Financial Times: O’Neill ‘superbug’ review promotes wider use of vaccines “Vaccines should be used more widely in health care and agriculture as an alternative to antibiotics, according to a U.K.-led review into the problem of drug-resistant ‘superbugs.’ Lord Jim O’Neill, the Treasury minister and former Goldman Sachs economist heading the panel, said vaccines were a…More

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Vaccines Hold Potential To Protect Against Drug Resistance

Project Syndicate: Vaccines Versus Superbugs Jim O’Neill, commercial secretary to the U.K. Treasury, honorary professor of economics at Manchester University, visiting research fellow at Bruegel, and chair of the Review on Antimicrobial Resistance. “…[W]e are not moving fast enough to develop the types of vaccines that could be used to prevent antimicrobial resistance. … Maximizing…More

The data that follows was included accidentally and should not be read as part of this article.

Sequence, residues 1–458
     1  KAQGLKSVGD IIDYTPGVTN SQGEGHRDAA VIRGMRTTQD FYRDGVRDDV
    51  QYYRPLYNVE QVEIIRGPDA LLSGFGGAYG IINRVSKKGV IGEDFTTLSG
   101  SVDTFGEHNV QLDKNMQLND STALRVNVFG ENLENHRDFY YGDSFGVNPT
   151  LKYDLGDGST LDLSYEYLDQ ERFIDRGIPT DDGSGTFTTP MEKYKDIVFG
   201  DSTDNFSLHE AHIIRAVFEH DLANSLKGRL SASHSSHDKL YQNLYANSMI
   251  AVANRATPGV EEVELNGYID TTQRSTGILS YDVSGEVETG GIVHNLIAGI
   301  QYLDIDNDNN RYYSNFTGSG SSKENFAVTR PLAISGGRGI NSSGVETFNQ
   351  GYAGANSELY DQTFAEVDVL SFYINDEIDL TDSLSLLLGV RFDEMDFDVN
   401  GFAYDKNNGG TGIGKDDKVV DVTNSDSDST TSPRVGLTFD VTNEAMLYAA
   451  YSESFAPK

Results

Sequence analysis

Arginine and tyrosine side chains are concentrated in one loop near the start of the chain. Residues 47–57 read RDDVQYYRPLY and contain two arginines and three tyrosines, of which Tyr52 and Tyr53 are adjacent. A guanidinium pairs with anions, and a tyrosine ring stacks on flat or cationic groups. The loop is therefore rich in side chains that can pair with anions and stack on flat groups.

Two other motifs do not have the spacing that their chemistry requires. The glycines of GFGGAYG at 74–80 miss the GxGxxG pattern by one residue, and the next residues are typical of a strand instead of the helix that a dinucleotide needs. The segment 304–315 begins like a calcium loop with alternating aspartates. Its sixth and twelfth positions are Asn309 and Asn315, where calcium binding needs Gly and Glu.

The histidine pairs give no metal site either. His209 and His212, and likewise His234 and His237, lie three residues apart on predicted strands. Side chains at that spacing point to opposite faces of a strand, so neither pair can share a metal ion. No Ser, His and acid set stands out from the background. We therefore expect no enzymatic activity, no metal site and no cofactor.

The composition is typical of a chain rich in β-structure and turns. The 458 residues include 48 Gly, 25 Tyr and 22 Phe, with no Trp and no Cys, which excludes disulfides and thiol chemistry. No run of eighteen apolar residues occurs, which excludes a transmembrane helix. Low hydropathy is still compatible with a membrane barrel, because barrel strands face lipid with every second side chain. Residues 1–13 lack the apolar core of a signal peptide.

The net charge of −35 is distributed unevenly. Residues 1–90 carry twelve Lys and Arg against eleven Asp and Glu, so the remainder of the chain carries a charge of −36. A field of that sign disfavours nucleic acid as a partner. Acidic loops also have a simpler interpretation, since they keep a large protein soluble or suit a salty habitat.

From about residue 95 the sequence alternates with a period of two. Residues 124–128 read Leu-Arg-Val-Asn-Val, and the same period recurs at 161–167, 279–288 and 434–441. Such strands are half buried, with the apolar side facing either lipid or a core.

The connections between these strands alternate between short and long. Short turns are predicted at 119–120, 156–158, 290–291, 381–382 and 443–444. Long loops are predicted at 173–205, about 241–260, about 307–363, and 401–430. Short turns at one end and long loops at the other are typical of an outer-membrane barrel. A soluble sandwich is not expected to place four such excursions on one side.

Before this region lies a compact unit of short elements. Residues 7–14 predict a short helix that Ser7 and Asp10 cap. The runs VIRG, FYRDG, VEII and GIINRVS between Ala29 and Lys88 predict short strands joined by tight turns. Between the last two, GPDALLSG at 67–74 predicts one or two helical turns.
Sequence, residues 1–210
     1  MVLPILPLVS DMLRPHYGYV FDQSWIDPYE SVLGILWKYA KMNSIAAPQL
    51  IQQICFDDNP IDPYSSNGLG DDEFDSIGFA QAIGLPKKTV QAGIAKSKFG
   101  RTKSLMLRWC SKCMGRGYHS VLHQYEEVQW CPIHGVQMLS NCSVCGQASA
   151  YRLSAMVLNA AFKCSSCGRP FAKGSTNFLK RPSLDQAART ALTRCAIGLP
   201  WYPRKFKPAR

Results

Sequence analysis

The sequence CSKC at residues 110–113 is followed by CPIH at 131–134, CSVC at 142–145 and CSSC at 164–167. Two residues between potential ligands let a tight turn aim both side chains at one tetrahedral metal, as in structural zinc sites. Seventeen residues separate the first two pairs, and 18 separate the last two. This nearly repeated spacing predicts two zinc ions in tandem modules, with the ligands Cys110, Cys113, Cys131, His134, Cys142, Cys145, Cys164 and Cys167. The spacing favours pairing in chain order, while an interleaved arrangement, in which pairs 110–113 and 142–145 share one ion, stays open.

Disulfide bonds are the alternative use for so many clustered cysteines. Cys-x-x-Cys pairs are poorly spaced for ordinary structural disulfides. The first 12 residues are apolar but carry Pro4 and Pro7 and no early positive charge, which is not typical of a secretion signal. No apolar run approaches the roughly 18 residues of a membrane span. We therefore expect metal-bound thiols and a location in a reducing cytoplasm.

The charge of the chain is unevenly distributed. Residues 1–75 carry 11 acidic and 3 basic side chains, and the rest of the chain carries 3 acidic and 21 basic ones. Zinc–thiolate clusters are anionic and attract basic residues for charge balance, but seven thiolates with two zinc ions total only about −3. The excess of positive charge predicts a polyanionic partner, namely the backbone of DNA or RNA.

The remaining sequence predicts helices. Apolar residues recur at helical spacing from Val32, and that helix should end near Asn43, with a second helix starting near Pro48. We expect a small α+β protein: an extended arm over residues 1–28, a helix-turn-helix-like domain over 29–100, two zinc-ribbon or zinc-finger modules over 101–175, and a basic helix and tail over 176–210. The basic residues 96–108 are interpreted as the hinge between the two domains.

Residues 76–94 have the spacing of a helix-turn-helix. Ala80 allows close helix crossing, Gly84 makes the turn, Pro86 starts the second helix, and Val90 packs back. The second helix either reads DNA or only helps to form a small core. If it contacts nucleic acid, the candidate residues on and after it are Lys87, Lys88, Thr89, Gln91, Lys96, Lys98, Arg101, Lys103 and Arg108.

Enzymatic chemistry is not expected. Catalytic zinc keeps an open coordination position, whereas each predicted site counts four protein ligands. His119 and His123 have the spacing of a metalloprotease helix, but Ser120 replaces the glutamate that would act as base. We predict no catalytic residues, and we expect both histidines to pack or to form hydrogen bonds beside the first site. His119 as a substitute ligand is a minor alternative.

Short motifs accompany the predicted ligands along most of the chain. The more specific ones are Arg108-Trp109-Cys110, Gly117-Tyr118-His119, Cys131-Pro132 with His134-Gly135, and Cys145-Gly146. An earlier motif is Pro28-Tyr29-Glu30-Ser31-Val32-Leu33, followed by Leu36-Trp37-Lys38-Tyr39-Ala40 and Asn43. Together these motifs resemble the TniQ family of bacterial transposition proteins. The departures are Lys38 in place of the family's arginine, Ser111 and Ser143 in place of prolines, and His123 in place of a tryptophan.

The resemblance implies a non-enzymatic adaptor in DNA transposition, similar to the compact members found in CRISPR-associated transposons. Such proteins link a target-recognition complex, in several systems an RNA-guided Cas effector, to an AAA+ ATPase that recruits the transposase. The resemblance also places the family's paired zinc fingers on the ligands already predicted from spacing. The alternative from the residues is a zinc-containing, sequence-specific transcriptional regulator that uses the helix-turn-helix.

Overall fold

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Malaria deaths are falling, but obstacles remain

The number of people who die from malaria each year fell by nearly half, from 839,000 in 2000 to 438,000 in 2015, according to the World Health Organization. While the 214 million new cases in 2015 mean there is a long way to go to achieve global elimination, more than half of the 106 endemic

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Drug Resistance Poses Obstacle To Malaria Elimination Goal

Slate: The World Can Eliminate Malaria “…The eradication of malaria is theoretically possible, but the last mile of this race is likely to be the toughest, in large part because of the speed of drug resistance. … Despite the looming challenges, there’s still optimism on the ground…” (Keating, 1/5).

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Drugs for Malaria: Need to Overcome Resistance to Artemisinins and Eliminate All Stages of…